- If your concrete project is set up inside, be sure to keep all windows, doors and openings shut and have the ventilation and air conditioning on. Alternatively, you can use dehumidifiers to eliminate moisture from the air. Both will aid the drying times.
Are you starting your own concrete flooring project?
Are you considering laying concrete at your commercial property? If so, we are able to help. At Concrete Flooring Solutions, we provide customers across the UK with affordable concrete flooring solutions, tailored to your requirements. With us, you don’t have to worry about understanding the ins and outs of concrete, drying times, set up, how to prepare the concrete base etc.
After you have contacted us, we will take care of everything from laying the foundations to completing the project in a fast and efficient manner. Get in touch with our experienced concrete contractors if you’re looking for affordable concrete flooring solutions for your commercial property.
Below are some of the most common questions asked by customers regarding concrete setting times.
How long does four to six inches of concrete take to cure?
As stated previously, concrete takes approximately 26-30 days to reach its full strength. If the concrete is professionally poured and floated, the curing process should be sound and ensure proper hardening of the concrete base.
Should I wet concrete while it cures?
It’s important that the mix is hydrated as the concrete hardens. However, it’s important to get your concrete ratio right in order to ensure a proper curing and hardening process. So, yes, you can apply water to concrete for the first week or so. This is known as “moist curing” and allows the moisture in the concrete to evaporate slowly.
How long does concrete take to dry to walk on?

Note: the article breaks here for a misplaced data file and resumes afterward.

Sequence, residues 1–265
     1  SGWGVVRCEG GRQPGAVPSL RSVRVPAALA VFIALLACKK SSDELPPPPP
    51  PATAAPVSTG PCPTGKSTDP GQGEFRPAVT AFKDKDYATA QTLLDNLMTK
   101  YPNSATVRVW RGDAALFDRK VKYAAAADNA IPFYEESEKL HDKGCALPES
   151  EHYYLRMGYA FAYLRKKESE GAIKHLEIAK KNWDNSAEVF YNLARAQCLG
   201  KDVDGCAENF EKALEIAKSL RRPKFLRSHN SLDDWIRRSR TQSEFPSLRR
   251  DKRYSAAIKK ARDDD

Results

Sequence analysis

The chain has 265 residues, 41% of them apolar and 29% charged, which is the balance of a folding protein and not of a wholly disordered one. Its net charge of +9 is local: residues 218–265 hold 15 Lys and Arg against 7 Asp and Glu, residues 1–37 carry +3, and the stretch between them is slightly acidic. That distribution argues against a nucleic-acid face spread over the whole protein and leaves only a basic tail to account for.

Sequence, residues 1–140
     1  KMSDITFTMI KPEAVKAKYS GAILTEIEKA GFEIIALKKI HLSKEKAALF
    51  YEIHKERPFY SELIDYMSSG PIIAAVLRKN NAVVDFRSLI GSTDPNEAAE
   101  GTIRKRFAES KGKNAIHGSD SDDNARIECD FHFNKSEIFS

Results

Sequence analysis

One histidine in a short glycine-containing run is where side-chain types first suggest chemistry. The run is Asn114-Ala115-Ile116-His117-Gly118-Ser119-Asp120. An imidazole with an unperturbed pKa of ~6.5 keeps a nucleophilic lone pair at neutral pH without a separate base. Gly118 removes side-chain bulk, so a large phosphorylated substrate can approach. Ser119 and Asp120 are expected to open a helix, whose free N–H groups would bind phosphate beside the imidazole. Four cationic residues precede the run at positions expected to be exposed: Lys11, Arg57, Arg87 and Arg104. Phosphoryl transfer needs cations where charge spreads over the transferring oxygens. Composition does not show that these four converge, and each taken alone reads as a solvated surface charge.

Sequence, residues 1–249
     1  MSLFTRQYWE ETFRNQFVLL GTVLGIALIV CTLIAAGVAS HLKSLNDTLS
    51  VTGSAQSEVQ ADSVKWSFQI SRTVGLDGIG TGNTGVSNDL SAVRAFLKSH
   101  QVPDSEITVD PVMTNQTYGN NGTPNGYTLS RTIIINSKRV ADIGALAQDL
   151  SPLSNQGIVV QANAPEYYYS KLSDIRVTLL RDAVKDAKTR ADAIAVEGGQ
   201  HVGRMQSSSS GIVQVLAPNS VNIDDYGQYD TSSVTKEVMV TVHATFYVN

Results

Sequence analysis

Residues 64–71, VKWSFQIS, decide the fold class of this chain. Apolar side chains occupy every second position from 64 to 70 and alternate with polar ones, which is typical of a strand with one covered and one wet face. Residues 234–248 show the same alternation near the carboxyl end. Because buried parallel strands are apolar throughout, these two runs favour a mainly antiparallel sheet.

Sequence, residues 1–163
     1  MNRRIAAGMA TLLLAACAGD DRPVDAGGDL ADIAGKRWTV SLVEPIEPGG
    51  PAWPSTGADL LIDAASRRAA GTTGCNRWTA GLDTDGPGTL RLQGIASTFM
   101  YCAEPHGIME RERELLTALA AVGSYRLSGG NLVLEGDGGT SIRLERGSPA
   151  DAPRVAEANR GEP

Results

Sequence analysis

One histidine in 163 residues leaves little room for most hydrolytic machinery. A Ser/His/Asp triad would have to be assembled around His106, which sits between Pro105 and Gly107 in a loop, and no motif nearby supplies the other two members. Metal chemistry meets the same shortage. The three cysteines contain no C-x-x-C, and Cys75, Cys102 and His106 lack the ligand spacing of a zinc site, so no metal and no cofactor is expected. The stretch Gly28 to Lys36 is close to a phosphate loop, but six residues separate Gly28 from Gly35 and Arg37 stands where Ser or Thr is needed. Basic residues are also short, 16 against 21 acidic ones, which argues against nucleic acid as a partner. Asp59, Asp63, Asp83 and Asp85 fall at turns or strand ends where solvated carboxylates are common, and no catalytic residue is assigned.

Do not walk on concrete until at least 24 hours have passed to ensure no marks are made on the base. If you plan to operate heavy machinery on the concrete floor or base, please allow a further week to ensure it does not warp or buckle under the vehicle’s weight.
Does concrete take 100 years to cure?
No, this is a bit of a myth with the concrete industry. While concrete does continue to harden indefinitely, pore moisture has to drop below a certain level at some point and this isn’t typically 100 years.
How long does concrete take to set in a post hole?
We would advise waiting at least four hours before any weight or pressure is applied to the posts or fence holes. For best results, you should wait at least 24 hours before you continue hole and fence construction. The concrete needs time to cure and set before any third party forces are applied to the posts.
Does rain damage new concrete?
Yes, rain should not come into contact with freshly laid concrete. The concrete base is susceptible to water around 2 – 4 hours after it’s been mixed. You should source protection from the elements if you suspect rain (concrete blankets are good for this). However, rainwater will not affect or cause damage to the concrete if the finishing process has been recently completed.